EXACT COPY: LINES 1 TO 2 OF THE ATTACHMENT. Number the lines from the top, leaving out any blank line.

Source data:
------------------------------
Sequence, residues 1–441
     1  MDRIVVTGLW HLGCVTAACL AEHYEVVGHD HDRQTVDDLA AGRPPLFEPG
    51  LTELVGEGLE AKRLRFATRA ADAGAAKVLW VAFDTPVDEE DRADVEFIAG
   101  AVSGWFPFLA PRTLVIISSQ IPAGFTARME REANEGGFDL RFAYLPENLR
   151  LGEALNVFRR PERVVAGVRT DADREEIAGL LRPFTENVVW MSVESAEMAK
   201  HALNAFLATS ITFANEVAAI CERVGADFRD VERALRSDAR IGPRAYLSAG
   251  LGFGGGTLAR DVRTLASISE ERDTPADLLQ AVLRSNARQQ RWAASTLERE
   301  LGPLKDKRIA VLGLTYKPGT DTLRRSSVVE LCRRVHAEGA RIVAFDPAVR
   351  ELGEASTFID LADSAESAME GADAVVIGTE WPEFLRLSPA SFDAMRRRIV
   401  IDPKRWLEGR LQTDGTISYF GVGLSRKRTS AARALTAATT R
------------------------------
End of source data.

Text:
Sequence, residues 1–441
     1  MDRIVVTGLW HLGCVTAACL AEHYEVVGHD HDRQTVDDLA AGRPPLFEPG